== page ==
Market Commentary – August 2019

Bond yields continue to fall

July’s quarter-point rate cut from the Federal reserve was fully anticipated, but over August, US bond yields moved to reflect the expectation of a further half point to come. The assumption that the Fed was seeing signs of a US slowdown saw yields around the rest of the world fall further, with EU sovereign debt trading as low as a -0.7% yield at the month end.

Brexit still mired in uncertainty

The election of Boris Johnson as UK Prime Minister was seen as indicating that a hard Brexit is now much more likely. This was reflected in falls in the UK and EU confidence indicators, and sharp falls in the UK and EU equity markets, particularly Ireland. In fact, it quickly became clear that a final resolution to the impasse was no more likely than before, as MPs initiated action to block a no-deal Brexit, and there was talk of a general election in mid October.

Hong Kong/Latin America lead emerging markets lower

Emerging markets fell 4.9% in US Dollar terms, compared to a decline of 2.1% for developed markets. The decline was led by Hong Kong/Latin American equities and more cyclical sectors such as materials and financials. Trade war tension and protests in Hong Kong, now in their 13th week, were key sources of market volatility.

Sino-US trade war continues to escalate

Trade tension was ratcheted up when China, on 23 August indicated it would roll out additional tariffs on $75bn of US goods. President Trump quickly responded by tweet that US companies should look for an alternative to manufacturing in China. Meanwhile, from 30th August the US Federal Register confirmed tariff rises from 10 to 15 per cent on US$300 billion of goods.

Global equity markets were weak in August, with the UK among the worst performers. Emerging markets once again provided both the high and low-lights over the period, with Argentina falling 41.5%, whilst Egypt gained a relatively modest 9.2%, but outside of a few emerging markets that produced small gains, there were few opportunities for profit across the equity landscape during the month. Trade wars, Brexit and general fears for global growth following the Fed’s July rate cut were uppermost in investors’ minds.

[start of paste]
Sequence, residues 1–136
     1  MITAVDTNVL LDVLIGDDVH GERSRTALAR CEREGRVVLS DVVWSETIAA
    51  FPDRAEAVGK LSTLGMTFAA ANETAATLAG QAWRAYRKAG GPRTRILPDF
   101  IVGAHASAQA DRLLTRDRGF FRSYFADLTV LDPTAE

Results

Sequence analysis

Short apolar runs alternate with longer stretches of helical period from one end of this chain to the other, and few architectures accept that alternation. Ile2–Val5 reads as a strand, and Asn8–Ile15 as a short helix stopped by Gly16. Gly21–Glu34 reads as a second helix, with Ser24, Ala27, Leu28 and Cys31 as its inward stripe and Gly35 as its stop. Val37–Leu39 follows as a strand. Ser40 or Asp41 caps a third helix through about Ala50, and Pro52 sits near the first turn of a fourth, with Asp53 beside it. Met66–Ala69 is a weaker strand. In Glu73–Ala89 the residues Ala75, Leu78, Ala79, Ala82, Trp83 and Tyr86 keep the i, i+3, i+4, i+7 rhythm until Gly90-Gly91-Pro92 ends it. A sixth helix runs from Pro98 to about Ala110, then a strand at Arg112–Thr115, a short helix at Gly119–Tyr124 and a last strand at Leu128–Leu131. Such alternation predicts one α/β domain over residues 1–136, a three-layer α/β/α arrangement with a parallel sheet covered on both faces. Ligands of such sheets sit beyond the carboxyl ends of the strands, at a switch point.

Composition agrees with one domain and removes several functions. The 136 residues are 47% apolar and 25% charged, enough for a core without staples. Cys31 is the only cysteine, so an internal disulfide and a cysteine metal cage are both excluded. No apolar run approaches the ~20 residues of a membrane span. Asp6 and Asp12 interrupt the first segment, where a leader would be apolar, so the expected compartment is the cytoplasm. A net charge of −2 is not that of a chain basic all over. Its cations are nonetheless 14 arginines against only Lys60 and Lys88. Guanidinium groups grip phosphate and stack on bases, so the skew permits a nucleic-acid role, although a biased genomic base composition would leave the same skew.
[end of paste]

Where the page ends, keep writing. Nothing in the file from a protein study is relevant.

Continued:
There was little to celebrate in the European markets, as the prospect of a no-deal Brexit began to weigh heavily on the UK, and adverse sentiment provided a further drag on the EU markets. Whilst Turkey, always a volatile market, was the worst faller, losing 10.6%, Ireland, which stand to be hardest hit by a hard Brexit, lost almost 6%. Almost all regional markets were down, with Denmark’s 1.7% gain leading a very short list of risers.

After the fall in sterling in July, the currency stabilised, but made no attempt to rally, as, with Parliament not yet in session, there was little to indicate how events would actually play out in the weeks ahead of the October deadline. The Dollar saw some further gains, particularly against a weakening Chinese Yuan, as the trade dispute between the two countries showed no sign of achieving the swift resolution that markets had hoped for. The Yen continued to act as a safe haven, gaining ground against other major currencies once again.

After July’s rate cut from the Federal Reserve, expectations quickly turned to further cuts, and the rise in bond prices and collapse in yields continued apace during August, seeing another 0.5% off the 10-year US Treasury yield. There were also substantial reductions across the European markets, sending the yields on major market sovereign debt down to as low as -0.7%.

*A Generic bond is a theoretical bond that always has the specified tenor, unlike a Benchmark bond, which is a physical bond, with a decreasing tenor.

Global confidence is waning